• [Show abstract] [Hide abstract]
    ABSTRACT: Medical documentation is a time-consuming task and there is a growing number of documentation requirements. In order to improve documentation, harmonization and standardization based on existing forms and medical concepts are needed. Systematic analysis of forms can contribute to standardization building upon new methods for automated comparison of forms. Objectives of this research are quantification and comparison of data elements for breast and prostate cancer to discover similarities, differences and reuse potential between documentation sets. In addition, common data elements for each entity should be identified by automated comparison of forms. A collection of 57 forms regarding prostate and breast cancer from quality management, registries, clinical documentation of two university hospitals (Erlangen, Münster), research datasets, certification requirements and trial documentation were transformed into the Operational Data Model (ODM). These ODM-files were semantically enriched with concept codes and analyzed with the compareODM algorithm. Comparison results were aggregated and lists of common concepts were generated. Grid images, dendrograms and spider charts were used for illustration. Overall, 1008 data elements for prostate cancer and 1232 data elements for breast cancer were analyzed. Average routine documentation consists of 390 data elements per disease entity and site. Comparisons of forms identified up to 20 comparable data elements in cancer conference forms from both hospitals. Urology forms contain up to 53 comparable data elements with quality management and up to 21 with registry forms. Urology documentation of both hospitals contains up to 34 comparable items with international common data elements. Clinical documentation sets share up to 24 comparable data elements with trial documentation. Within clinical documentation administrative items are most common comparable items. Selected common medical concepts are contained in up to 16 forms. The amount of documentation for cancer patients is enormous. There is an urgent need for standardized structured single source documentation. Semantic annotation is time-consuming, but enables automated comparison between different form types, hospital sites and even languages. This approach can help to identify common data elements in medical documentation. Standardization of forms and building up forms on the basis of coding systems is desirable. Several comparable data elements within the analyzed forms demonstrate the harmonization potential, which would enable better data reuse. Identifying common data elements in medical forms from different settings with systematic and automated form comparison is feasible.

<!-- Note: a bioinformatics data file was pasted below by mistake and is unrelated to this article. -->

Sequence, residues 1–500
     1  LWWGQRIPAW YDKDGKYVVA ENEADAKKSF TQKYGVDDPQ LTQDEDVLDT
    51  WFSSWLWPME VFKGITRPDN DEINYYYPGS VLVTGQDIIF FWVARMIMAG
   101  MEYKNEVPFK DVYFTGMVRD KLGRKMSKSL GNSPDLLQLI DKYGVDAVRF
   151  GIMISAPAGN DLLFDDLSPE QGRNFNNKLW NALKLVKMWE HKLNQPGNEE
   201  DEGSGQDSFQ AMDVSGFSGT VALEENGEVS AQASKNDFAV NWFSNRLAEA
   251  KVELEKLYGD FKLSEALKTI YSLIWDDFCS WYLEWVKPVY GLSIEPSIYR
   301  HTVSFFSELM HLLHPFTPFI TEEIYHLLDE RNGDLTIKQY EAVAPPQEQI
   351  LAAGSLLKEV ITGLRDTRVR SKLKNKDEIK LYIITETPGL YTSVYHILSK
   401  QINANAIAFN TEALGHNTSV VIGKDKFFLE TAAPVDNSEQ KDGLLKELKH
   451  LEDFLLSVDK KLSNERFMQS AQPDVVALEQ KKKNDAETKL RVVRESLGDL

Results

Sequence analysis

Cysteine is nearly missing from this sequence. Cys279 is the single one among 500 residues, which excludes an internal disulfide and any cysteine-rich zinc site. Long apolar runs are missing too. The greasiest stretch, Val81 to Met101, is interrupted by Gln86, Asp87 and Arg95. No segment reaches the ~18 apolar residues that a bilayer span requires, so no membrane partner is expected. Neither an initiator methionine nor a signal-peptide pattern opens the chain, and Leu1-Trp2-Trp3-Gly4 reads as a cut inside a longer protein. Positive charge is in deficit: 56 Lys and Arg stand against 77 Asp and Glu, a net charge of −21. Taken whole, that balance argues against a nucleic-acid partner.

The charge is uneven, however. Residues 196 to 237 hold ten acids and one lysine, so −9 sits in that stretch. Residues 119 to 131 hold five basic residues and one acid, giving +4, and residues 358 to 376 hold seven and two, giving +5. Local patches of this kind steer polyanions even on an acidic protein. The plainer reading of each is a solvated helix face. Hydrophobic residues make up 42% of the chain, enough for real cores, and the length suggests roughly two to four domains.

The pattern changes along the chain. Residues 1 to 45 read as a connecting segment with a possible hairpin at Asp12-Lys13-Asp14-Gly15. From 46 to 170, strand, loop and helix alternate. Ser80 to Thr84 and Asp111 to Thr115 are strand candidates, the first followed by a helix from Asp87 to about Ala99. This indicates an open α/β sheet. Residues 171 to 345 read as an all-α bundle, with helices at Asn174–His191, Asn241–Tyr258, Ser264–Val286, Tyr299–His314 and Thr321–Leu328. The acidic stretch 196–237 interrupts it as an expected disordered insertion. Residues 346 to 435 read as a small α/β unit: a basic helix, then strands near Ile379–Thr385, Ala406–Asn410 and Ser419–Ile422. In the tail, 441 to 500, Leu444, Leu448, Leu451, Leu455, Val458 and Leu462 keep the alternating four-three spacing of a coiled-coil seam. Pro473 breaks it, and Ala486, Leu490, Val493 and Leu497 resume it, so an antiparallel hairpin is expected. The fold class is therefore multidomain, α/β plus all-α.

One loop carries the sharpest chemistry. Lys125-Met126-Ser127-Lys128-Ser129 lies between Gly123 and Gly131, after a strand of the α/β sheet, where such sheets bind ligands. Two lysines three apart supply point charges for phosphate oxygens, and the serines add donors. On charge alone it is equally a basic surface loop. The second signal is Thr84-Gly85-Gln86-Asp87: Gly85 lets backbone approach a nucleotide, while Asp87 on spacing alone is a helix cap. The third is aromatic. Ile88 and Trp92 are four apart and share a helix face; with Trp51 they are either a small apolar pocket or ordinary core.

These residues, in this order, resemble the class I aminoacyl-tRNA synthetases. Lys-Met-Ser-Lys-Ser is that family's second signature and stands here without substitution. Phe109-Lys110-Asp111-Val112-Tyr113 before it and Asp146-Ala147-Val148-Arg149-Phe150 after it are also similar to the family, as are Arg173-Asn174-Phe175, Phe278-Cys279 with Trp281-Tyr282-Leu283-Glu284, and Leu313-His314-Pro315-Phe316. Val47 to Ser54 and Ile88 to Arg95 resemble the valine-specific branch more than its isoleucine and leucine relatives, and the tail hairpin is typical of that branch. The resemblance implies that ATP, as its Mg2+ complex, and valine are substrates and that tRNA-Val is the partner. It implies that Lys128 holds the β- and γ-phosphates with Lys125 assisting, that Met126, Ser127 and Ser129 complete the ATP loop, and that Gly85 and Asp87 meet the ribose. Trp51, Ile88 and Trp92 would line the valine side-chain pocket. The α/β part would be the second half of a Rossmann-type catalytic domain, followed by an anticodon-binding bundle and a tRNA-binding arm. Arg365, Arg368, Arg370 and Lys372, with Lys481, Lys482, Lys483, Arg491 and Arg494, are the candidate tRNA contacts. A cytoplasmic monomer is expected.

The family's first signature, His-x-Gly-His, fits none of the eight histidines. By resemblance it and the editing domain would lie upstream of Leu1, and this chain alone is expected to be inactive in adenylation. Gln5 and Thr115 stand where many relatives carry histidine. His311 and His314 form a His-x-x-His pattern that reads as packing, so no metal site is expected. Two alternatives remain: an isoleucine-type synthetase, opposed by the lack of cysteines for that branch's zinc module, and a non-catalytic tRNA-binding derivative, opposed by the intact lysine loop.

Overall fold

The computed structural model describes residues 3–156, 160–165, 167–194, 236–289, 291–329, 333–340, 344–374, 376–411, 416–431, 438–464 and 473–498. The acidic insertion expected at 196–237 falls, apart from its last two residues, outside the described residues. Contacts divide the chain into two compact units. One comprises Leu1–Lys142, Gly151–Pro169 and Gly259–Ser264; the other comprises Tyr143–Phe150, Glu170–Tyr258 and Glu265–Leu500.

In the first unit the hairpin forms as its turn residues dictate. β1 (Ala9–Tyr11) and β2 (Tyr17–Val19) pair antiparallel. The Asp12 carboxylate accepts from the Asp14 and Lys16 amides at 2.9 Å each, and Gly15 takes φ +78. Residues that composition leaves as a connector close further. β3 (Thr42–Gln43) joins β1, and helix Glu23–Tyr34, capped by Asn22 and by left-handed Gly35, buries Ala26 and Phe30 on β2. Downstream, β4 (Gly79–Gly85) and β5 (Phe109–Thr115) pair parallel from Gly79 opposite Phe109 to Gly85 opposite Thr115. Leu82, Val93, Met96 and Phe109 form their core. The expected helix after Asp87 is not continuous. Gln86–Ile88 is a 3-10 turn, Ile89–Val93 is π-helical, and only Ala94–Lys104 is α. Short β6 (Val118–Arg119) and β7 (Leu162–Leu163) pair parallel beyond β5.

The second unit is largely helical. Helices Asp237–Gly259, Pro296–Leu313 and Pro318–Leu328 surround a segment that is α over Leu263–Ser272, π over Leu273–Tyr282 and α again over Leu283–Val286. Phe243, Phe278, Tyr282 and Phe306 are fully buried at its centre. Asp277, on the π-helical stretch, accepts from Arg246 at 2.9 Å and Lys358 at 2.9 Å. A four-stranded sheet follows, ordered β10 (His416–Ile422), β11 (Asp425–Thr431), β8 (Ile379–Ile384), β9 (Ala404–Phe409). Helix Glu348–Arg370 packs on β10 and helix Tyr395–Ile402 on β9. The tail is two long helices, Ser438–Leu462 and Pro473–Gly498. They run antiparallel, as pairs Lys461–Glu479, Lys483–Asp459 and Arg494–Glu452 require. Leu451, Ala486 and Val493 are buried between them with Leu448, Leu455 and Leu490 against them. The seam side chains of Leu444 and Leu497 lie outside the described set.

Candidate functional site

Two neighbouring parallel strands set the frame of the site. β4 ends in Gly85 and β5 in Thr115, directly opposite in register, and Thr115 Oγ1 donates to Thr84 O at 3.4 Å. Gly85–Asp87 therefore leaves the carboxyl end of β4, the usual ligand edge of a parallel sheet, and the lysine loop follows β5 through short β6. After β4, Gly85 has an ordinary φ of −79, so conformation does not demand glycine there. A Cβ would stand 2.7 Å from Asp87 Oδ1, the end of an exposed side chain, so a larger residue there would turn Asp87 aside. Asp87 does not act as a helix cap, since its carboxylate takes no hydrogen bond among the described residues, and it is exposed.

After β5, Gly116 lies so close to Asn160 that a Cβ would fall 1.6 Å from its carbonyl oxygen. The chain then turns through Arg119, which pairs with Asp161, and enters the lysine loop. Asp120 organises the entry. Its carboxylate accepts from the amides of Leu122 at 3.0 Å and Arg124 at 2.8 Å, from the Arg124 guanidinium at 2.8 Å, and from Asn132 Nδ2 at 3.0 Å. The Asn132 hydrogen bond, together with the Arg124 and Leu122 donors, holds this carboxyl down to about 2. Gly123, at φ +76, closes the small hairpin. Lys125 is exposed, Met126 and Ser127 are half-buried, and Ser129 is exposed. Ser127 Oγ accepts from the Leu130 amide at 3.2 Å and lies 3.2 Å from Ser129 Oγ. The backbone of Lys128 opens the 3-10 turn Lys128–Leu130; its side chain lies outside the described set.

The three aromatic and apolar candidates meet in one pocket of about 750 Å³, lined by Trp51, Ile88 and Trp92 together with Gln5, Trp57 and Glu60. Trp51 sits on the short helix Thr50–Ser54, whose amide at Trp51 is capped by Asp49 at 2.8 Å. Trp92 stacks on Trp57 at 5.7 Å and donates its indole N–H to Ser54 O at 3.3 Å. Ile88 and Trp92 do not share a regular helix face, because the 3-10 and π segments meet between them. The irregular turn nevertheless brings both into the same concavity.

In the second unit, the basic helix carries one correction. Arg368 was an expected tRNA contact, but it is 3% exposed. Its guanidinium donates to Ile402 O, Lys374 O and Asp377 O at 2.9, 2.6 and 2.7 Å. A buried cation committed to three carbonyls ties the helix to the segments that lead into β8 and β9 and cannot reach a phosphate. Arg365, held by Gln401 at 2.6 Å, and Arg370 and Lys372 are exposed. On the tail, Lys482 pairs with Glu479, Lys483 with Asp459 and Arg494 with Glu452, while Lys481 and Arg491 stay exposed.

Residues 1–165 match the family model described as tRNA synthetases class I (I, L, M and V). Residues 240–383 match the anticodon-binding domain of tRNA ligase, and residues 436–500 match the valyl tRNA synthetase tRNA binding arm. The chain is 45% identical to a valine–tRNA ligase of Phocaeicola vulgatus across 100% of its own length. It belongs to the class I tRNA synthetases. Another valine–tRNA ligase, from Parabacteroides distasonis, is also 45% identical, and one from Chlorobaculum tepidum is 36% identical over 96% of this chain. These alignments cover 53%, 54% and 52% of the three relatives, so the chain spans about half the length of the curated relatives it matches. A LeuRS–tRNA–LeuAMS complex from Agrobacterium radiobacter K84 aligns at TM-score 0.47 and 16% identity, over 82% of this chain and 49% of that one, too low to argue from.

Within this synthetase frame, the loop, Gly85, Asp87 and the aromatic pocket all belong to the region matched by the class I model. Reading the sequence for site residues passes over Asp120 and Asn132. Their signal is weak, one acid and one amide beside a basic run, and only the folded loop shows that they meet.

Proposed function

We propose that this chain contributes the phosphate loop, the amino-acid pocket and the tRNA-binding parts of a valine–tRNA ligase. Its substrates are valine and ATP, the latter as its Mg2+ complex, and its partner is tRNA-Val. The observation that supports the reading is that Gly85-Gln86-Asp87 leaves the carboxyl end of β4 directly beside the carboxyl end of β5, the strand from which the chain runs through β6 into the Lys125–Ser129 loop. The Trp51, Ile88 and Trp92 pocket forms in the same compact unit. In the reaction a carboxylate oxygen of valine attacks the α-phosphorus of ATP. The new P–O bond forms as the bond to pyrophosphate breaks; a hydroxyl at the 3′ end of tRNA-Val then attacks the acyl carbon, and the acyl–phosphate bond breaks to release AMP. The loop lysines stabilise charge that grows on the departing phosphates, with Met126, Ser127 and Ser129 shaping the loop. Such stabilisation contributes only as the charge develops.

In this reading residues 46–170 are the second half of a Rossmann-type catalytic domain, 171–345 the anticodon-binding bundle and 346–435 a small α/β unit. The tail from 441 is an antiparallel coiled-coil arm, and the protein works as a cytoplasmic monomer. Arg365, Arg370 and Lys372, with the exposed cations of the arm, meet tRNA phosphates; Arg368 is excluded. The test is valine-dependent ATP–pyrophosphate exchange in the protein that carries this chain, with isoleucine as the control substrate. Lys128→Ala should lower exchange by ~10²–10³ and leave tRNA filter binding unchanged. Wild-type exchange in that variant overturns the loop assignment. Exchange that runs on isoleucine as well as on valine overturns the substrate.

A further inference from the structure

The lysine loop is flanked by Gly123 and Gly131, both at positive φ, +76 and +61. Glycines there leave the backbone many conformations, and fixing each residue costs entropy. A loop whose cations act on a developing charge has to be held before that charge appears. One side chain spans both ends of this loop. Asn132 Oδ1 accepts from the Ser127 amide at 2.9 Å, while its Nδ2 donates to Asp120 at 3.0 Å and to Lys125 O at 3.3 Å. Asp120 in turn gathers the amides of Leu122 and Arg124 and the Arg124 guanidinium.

Journal of Biomedical Informatics 04/2014; · 2.13 Impact Factor
  • [Show abstract] [Hide abstract]
    ABSTRACT: OBJECTIVE: Logical Observation Identifiers Names and Codes (LOINC) mapping of laboratory data is often a question of the effort of mapping compared with the benefits of the structure achieved. The new LOINC mapping assistant RELMA (version 2011) has the potential to reduce the effort required for semi-automated mapping. We examined quality, time effort, and sustainability of such mapping. METHODS: To verify the mapping quality, two samples of 100 laboratory terms were extracted from the laboratory system of a German university hospital and processed in a semi-automated fashion with RELMA V.5 and LOINC V.2.34 German translation DIMDI to obtain LOINC codes. These codes were reviewed by two experts from each of two laboratories. Then all 2148 terms used in these two laboratories were processed in the same way. RESULTS: In the initial samples, 93 terms from one laboratory system and 92 terms from the other were correctly mapped. Of the total 2148 terms, 1660 could be mapped. An average of 500 terms per day or 60 terms per hour could be mapped. Of the laboratory terms used in 2010, 99% could be mapped. DISCUSSION: Semi-automated LOINC mapping of non-English laboratory terms has become promising in terms of effort and mapping quality using the new version RELMA V.5. The effort is probably lower than for previous manual mapping. The mapping quality equals that of manual mapping and is far better than that reported with previous automated mapping activities. CONCLUSION: RELMA V.5 and LOINC V.2.34 offer the opportunity to start thinking again about LOINC mapping even in non-English languages, since mapping effort is acceptable and mapping results equal those of previous manual mapping reports.
    Journal of the American Medical Informatics Association 07/2012; · 3.57 Impact Factor

Full-text

View
112 Downloads
Available from
May 29, 2014